His father worked in the publishing industry, and through this connection he got his first job at Harper’s magazine as a wood engraver when he was just seventeen. His ambitions grew beyond the world of illustrating, and four years later he went to Paris to pursue a career in stage design. However, finding no suitable apprenticeships, he enrolled in the Ecole des Beaux-Arts, and began studying painting under the famous Jean-Léon Gérôme.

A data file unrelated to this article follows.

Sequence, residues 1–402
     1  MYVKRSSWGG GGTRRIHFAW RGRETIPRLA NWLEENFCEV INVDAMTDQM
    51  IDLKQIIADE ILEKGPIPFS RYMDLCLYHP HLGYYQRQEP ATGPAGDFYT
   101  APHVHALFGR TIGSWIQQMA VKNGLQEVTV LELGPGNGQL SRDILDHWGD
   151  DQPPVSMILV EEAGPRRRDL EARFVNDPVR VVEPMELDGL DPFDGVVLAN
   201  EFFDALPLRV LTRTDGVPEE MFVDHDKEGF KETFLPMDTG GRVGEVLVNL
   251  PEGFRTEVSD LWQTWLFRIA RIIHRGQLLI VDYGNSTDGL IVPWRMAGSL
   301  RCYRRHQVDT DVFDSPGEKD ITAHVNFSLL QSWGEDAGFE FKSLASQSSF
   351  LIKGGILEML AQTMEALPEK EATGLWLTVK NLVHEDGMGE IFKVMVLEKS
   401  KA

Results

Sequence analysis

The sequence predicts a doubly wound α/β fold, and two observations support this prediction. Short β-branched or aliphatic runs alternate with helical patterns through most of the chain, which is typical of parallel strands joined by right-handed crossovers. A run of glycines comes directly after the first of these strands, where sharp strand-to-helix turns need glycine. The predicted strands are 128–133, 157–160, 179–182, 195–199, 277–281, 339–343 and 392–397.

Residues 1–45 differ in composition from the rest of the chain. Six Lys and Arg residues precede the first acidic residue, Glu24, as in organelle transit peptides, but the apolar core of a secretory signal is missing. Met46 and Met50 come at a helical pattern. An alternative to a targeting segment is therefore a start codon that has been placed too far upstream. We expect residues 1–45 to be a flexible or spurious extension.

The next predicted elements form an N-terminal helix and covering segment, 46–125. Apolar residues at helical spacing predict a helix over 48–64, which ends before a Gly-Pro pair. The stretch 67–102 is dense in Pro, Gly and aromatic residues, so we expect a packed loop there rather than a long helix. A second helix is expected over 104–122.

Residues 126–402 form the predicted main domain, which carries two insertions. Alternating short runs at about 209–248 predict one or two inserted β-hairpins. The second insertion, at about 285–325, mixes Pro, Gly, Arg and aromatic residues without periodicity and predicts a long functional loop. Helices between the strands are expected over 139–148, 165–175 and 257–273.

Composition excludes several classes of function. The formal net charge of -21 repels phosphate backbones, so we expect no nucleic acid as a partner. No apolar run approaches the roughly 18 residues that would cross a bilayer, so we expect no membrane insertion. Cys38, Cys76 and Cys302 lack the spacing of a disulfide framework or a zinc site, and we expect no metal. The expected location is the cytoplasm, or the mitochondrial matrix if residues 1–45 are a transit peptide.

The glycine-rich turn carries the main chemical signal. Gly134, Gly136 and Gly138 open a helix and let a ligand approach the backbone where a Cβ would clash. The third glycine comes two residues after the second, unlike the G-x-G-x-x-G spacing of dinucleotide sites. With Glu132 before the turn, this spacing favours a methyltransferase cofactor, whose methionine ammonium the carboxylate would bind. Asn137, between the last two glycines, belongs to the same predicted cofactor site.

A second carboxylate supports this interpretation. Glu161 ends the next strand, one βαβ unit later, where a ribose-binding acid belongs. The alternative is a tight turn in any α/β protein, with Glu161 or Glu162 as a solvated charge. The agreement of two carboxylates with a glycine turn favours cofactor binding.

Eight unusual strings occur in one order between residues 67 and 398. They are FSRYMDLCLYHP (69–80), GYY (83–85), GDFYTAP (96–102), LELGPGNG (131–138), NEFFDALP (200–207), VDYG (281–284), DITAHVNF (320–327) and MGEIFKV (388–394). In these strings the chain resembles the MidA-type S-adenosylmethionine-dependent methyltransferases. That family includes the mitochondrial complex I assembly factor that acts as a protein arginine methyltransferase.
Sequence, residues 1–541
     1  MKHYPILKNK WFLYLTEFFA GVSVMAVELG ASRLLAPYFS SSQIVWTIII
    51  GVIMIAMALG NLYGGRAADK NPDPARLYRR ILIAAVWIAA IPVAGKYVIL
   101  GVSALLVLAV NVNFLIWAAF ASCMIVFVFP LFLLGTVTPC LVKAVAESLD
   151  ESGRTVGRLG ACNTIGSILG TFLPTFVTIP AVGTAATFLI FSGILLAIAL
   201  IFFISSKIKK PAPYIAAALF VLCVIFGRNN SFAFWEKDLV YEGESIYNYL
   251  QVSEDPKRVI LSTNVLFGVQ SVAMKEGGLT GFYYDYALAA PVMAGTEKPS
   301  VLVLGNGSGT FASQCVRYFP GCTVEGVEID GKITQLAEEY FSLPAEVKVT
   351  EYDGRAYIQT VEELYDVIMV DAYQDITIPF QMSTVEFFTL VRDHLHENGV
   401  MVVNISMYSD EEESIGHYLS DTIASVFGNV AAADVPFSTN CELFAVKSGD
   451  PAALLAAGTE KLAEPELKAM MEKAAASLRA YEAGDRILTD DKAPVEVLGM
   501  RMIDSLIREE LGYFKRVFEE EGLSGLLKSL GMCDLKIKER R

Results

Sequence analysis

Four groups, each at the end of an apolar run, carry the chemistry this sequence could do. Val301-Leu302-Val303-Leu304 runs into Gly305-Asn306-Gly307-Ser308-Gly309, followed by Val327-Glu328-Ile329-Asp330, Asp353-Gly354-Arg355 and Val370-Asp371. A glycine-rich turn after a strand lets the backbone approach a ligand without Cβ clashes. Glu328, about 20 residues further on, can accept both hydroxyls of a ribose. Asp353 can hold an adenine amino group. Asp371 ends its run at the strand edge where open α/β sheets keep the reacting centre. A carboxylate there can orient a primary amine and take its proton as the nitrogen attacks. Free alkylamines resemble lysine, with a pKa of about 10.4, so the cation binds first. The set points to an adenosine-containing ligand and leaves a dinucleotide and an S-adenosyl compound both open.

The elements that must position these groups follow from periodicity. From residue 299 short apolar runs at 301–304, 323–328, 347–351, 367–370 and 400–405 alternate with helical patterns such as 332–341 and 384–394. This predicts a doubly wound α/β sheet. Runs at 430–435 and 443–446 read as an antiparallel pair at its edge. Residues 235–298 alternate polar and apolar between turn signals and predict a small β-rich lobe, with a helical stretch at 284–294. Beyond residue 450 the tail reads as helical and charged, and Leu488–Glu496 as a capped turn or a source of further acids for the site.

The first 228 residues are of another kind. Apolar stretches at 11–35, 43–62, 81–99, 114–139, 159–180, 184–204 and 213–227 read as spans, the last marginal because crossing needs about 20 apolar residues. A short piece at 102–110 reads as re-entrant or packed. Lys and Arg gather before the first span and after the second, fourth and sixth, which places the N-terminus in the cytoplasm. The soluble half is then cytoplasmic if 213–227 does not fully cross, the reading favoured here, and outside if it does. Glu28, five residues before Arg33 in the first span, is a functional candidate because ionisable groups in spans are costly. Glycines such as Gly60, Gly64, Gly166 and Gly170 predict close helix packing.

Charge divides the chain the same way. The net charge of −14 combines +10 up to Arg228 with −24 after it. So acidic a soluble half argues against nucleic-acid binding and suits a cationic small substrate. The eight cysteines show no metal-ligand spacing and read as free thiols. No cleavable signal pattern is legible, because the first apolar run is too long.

On returning to America after two years abroad, he encountered a somewhat hostile atmosphere: older members of the National Academy of Design were unwilling to accept the advanced styles embraced by many young American artists returning from studies in Europe.
So in 1880 Boggs returned to Paris. He began to exhibit his paintings at the Paris Salon. They were well received and soon attracted the positive attention of critics. He became a French citizen in 1923, and although he lived and worked primarily in France, he continued to promote himself in the United States, submitting work to exhibitions and winning prizes in Boston, Philadelphia, New York, and Chicago.